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The rumbling hills of Himachal Pradesh

The landslide in Batseri village in Kinnaur district of Himachal Pradesh on July 25 destroyed a bridge on the Baspa river.   | Photo Credit: V.V. Krishnan

It was a relatively warm monsoon afternoon on July 25 when Arjun Devi, 65, was sitting outside her house, legs stretched out. Her house is located in the middle of an apple orchard in Batseri village in Kinnaur district of Himachal Pradesh. It was a picture of calm and quiet when suddenly, Devi sprang up in alarm hearing a rumbling noise. She hurried upstairs. From her rooftop she watched transfixed as boulders came rolling down from the steep hilltop at great speed, not too far from her house. They crashed into a mini-bus on Sangla-Chitkul road, killing nine people, all tourists, Devi learned later. The boulders severely damaged the Sangla-Chitkul and Sangla-Batseri link roads. They destroyed a bridge on Baspa river, on the banks of which Batseri is located. Several mature trees that got in their way fell like ninepins. All this happened in just a few minutes.

“I have never seen such a horrific scene in my life,” says Devi. “The previous day too, some stones fell down the hill, but July 25 was different. When I heard the loud noise and went to the rooftop, I saw huge rocks come thundering down. They fell some distance away from my house. Only when they stopped falling did I heave a sigh of relief.”

The rumbling hills of Himachal Pradesh
 

This wasn’t a one-time calamity. Nature unleashed its fury again on August 11 in Kinnaur, this time in Nigulsari village. Twenty-eight people lost their lives that day when a State transport bus, a truck, and three small vehicles were completely damaged after they were hit by boulders and mud on National Highway 5. Such was the force of the landslide that the bus rolled down several feet towards the Sutlej river, along with the debris.

The residents of Kinnaur are scared, angry and frustrated. Such incidents are becoming common, they say, thanks to the development model adopted by successive governments. Reports urging a rethink of the development model are frequently brought out but they lead to little change. The beautiful Himalayan region is only becoming more fragile and susceptible to disasters, they say.

A double-edged sword

In the last two months alone, several landslides have been reported in Himachal Pradesh, especially in the tribal districts of Lahaul-Spiti and Kinnaur which have seen incessant rains. From June 13 to August 12, as many as 248 people lost their lives in various incidents relating to heavy rains. Chief Minister Jai Ram Thakur, who visited Nigulsari to oversee the rescue work after the incident, said the State government would conduct a geological survey of the area.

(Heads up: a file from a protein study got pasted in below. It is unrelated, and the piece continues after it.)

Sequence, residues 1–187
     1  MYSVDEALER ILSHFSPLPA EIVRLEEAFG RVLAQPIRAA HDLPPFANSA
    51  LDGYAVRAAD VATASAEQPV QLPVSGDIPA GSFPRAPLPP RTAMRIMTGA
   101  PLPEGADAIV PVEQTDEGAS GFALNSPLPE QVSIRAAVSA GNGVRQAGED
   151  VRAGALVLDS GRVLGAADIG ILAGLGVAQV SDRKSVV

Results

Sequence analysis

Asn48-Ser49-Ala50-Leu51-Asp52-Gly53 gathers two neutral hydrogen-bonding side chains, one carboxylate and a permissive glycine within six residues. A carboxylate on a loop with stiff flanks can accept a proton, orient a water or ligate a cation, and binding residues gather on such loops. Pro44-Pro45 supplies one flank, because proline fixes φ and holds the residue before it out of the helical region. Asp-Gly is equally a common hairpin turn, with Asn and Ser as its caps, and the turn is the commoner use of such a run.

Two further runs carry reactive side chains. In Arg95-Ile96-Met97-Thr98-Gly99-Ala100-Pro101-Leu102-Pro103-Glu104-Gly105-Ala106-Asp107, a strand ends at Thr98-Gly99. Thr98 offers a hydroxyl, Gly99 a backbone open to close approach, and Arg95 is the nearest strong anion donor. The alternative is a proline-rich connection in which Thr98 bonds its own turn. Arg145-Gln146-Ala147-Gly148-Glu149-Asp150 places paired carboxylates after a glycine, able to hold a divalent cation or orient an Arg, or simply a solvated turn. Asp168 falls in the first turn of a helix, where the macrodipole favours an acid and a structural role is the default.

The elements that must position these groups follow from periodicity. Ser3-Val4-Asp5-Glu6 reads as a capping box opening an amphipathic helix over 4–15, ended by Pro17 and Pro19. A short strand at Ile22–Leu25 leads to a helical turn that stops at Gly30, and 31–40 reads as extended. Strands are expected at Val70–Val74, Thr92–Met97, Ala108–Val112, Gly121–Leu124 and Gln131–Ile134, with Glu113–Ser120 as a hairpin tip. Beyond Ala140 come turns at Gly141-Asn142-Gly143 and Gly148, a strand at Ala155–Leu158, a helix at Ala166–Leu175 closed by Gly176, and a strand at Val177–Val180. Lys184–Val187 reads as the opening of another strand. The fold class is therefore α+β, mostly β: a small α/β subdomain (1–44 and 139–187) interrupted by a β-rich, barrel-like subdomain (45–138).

Jai Vijender Negi, 45, an orchardist at Batseri, says development has become a double-edged sword. He urges the government to review its policy on hydro power projects. “These incidents are a wake-up call for us. The dams and hydro power projects have brought prosperity to the region, but they have also brought suffering. During the construction of these power projects and dams, the use of rock blasting and heavy machinery in construction sites, besides tree felling, have damaged the fragile hills,” he says.

Om Prakash, who has been working at a tourist camping site in Batseri since the late 1990s, says landslides used to occur earlier as well but their number and intensity have increased in recent times. “For the tourism sector to flourish here, road connectivity is key, but I feel that converting single roads into double lanes and more is not a good idea. When roads are constructed, debris is thrown into the valley and falls into the rivers. The government should focus on the maintenance of existing roads instead of opting for unregulated development. Scientific disposal of debris is very important,” he says.